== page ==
[LLVMdev] [cfe-dev] RFC: Adding attribute(nonnull) to things in libc++
dblaikie at gmail.com
Mon Aug 3 20:07:09 PDT 2015
On Mon, Aug 3, 2015 at 7:20 PM, Chandler Carruth <chandlerc at google.com>
> I just want to revive this thread.
> I'm not really endorsing this particular use of non-null in API design (I
> agree with the committee that we should permit 'nullptr, 0' arguments).
> However, I think that we should add these attributes for memcpy and
> friends. Why? Because glibc has already shipped with these attributes which
> means that portable code will never be able to pass a null pointer here
> without running the risk of miscompile. Even if the standard were to
> retract the dubious wording, we would have a very large number of glibc
> installations in the world with the attributes and a large number of
> compilers that will miscompile code by optimizing based on them. We should,
> IMO, annotate it everywhere so that warnings and tools like UBSan can find
> all of these bugs waiting to happen.
I rather like optimizing on these things - but if you don't & you just want
to provide defense for those users writing portable code without punishing
them on our own compiler, what about using Doug's new nullability
attributes that are documented to not impact optimizatiosn/codegen?
> To get an idea of how widespread this is on at least the Linux platform,
> they went into glibc over a decade ago:
> I just spent a pile of time cleaning up LLVM and Clang. It would be great
> to get more help keeping us in this clean state.
> On Wed, Jun 3, 2015 at 6:37 AM Marshall Clow <mclow.lists at gmail.com>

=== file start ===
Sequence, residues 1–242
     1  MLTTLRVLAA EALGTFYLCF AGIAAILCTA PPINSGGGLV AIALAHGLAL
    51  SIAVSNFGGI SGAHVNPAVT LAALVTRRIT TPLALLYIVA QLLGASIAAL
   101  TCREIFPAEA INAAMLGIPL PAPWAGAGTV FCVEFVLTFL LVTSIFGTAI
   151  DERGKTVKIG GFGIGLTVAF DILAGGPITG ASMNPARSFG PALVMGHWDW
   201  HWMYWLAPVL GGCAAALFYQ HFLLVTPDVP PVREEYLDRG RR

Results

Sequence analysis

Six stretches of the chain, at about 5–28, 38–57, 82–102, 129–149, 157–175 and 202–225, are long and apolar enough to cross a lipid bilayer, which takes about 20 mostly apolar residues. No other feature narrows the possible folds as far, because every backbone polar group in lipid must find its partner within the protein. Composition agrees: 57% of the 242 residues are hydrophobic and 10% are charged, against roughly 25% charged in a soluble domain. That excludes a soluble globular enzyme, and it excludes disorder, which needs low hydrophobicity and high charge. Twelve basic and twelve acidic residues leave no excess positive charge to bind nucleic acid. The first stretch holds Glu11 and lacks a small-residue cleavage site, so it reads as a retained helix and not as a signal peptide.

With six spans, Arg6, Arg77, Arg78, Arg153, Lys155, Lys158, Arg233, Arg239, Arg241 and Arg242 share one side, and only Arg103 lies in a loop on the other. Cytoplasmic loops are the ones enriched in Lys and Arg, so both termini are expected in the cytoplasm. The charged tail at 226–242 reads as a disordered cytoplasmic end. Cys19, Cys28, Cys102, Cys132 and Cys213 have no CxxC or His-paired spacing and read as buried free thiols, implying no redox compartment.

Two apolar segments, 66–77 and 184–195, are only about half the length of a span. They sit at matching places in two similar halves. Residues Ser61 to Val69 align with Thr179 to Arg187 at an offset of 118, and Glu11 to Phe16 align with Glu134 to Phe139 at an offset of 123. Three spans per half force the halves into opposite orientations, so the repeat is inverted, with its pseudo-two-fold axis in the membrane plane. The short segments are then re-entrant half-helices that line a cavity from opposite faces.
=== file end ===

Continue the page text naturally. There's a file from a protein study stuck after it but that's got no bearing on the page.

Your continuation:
>> On Wed, Jun 3, 2015 at 12:21 AM, Nick Lewycky <nlewycky at google.com>
>>> On 1 June 2015 at 07:20, Marshall Clow <mclow.lists at gmail.com> wrote:
>>>> This weekend, I got an email from Nuno Lopes informing me that UBSAN
>>>> now paid attention to attribute(nonnull), and he was having some problems
>>>> with it going off when using libc++.
>>> FYI, I also looked into turning this on, but with libstdc++, and found
>>> that they annotated basic_string<T>::assign(pointer, len) with attribute
>>> nonnull. That's a problem, because it's valid to call
>>> basic_string<T>::assign(nullptr, 0), but the reasoning why it's valid makes
>>> me want to ask the committee whether this is what they intended.
>>> The language std text claims that the pointer must point to an array of
>>> 'n' (second argument) length, but earlier in the text it also states
>>> that in the library, whenever it says "array" it means any pointer upon
>>> which address computations and accesses to objects (that would be valid if
>>> the pointer did point to the first element of such an array). Thus, nullptr
>>> is valid if 'n' is zero.
>>> This was changed in DR2235:
>>> The text and discussion of DR2235 sound like they intend to make the
>>> behaviour of assign match that of the constructor that takes the same
>>> arguments. What they actually did was change the constructor to match the
>>> behaviour of assign, and it doesn't look like removing the requirement of a
>>> nonnull pointer was considered and intended.
>>> At this point I made a note that somebody should ask the committee when
>>> they get the chance, and never got back around to it.
>> I think that the reference in the discussion to [res.on.arguments] (the
>> relevant section there is paragraph 1.2) make it clear that the change was
>> deliberate - to allow (null, 0) as a set of parameters.
>> I do agree that this is different behavior than memcpy, memmove, etc.
>> That should make Joerg happy :-)
>> -- Marshall
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